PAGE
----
document.addEventListener("keydown", function(event) {
    if (dialogOpen && event.keyCode == 27) {
        // close the dialog
    }
}, true);

The keyCode value for the Esc key is 27, so you need only look for that during the keydown event. Once received, close the dialog and set focus back to the previously focused element.

Conclusion

As I hope is obvious from this post, it really doesn’t take a lot of extra code to create a dialog that is easily accessible both by screen readers and those who use only a keyboard. For just a few lines of code you can take your users from being incredibly frustrated to being incredibly happy. There are a lot of web applications out there that use pop-up dialogs but very few get all of these pieces correct. Going halfway leads to more frustration than anything else, so I hope this post has inspired you to make your dialogs as accessible as possible.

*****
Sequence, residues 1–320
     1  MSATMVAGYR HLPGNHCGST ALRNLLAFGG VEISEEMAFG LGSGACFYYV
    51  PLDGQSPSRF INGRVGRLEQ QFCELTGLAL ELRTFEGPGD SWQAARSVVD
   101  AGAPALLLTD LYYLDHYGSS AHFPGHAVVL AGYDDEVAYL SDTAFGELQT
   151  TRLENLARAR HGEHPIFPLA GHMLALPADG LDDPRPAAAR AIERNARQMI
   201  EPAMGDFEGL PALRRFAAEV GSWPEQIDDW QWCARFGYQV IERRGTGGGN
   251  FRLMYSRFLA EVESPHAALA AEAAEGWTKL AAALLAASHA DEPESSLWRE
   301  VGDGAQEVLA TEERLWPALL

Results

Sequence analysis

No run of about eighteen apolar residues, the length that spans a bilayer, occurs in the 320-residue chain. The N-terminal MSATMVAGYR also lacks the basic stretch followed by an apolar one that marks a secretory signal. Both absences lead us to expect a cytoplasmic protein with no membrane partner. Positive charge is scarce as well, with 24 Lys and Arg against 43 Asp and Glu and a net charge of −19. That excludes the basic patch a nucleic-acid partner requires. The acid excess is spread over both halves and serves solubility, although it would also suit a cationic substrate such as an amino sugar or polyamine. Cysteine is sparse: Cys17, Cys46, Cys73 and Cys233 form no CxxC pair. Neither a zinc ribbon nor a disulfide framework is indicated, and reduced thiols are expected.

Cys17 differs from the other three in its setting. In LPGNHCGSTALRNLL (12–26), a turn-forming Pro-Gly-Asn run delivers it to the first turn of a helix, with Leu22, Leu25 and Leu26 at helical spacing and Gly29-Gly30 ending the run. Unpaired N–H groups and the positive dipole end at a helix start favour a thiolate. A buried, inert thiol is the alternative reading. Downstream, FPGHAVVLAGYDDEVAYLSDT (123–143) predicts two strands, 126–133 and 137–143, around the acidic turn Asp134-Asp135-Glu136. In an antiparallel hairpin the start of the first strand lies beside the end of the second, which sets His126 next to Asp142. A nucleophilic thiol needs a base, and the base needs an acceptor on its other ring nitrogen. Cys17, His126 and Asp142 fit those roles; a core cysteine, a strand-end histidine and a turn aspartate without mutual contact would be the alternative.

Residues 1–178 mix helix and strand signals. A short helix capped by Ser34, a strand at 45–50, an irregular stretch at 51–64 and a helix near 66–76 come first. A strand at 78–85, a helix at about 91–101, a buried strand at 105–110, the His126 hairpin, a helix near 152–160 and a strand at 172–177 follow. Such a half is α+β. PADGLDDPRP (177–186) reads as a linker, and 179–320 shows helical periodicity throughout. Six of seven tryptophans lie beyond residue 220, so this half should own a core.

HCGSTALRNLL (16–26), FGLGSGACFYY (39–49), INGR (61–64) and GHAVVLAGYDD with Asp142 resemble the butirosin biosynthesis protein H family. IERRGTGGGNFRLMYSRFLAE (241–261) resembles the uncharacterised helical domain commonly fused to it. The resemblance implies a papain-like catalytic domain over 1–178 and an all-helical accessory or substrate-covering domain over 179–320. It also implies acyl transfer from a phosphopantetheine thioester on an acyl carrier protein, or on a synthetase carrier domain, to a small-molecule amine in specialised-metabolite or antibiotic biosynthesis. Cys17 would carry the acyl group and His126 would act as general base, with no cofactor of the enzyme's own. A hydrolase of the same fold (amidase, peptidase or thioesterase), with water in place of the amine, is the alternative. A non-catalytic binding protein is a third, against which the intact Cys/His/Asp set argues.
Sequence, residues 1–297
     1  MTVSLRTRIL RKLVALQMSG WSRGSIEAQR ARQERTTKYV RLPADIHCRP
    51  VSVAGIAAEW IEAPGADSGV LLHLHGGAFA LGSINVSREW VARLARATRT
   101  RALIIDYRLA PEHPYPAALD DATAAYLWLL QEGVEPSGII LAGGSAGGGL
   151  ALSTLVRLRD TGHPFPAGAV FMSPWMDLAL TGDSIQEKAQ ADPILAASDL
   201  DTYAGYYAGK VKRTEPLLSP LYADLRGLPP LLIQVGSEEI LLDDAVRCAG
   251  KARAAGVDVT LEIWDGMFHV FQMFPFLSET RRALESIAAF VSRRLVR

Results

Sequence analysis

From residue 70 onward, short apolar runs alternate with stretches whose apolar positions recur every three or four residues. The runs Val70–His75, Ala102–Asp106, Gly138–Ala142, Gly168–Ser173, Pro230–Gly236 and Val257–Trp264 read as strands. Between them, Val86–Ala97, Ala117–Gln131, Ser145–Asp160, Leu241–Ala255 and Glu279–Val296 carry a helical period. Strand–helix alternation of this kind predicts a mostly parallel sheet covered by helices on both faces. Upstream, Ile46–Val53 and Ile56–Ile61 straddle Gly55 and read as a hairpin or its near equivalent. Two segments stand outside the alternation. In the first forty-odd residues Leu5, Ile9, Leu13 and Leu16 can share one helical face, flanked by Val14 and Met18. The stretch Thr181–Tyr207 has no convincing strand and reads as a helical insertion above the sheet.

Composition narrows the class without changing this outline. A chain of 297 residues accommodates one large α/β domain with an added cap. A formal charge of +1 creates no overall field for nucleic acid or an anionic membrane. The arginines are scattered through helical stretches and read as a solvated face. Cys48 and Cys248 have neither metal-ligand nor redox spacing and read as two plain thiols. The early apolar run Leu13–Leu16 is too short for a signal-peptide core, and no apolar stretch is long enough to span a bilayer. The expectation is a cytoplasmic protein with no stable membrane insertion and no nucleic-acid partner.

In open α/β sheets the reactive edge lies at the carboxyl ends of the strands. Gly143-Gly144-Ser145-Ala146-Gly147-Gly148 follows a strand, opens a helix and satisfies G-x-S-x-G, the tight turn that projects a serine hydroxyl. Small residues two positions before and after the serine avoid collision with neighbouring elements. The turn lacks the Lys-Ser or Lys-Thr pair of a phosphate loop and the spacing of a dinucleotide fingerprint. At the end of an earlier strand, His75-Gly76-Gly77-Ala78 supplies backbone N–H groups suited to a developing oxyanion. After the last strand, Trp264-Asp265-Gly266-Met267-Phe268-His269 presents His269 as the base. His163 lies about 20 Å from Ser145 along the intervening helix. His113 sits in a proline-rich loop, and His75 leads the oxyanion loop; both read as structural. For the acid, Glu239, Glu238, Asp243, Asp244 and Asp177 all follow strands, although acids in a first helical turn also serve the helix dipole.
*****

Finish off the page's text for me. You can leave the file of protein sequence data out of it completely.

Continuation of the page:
References

  1. WAI-ARIA (W3C)
  2. Delegating the focus and blur events by Peter-Paul Koch (Quirksmode)

Disclaimer: Any viewpoints and opinions expressed in this article are those of Nicholas C. Zakas and do not, in any way, reflect those of my employer, my colleagues, Wrox Publishing, O'Reilly Publishing, or anyone else. I speak only for myself, not for them.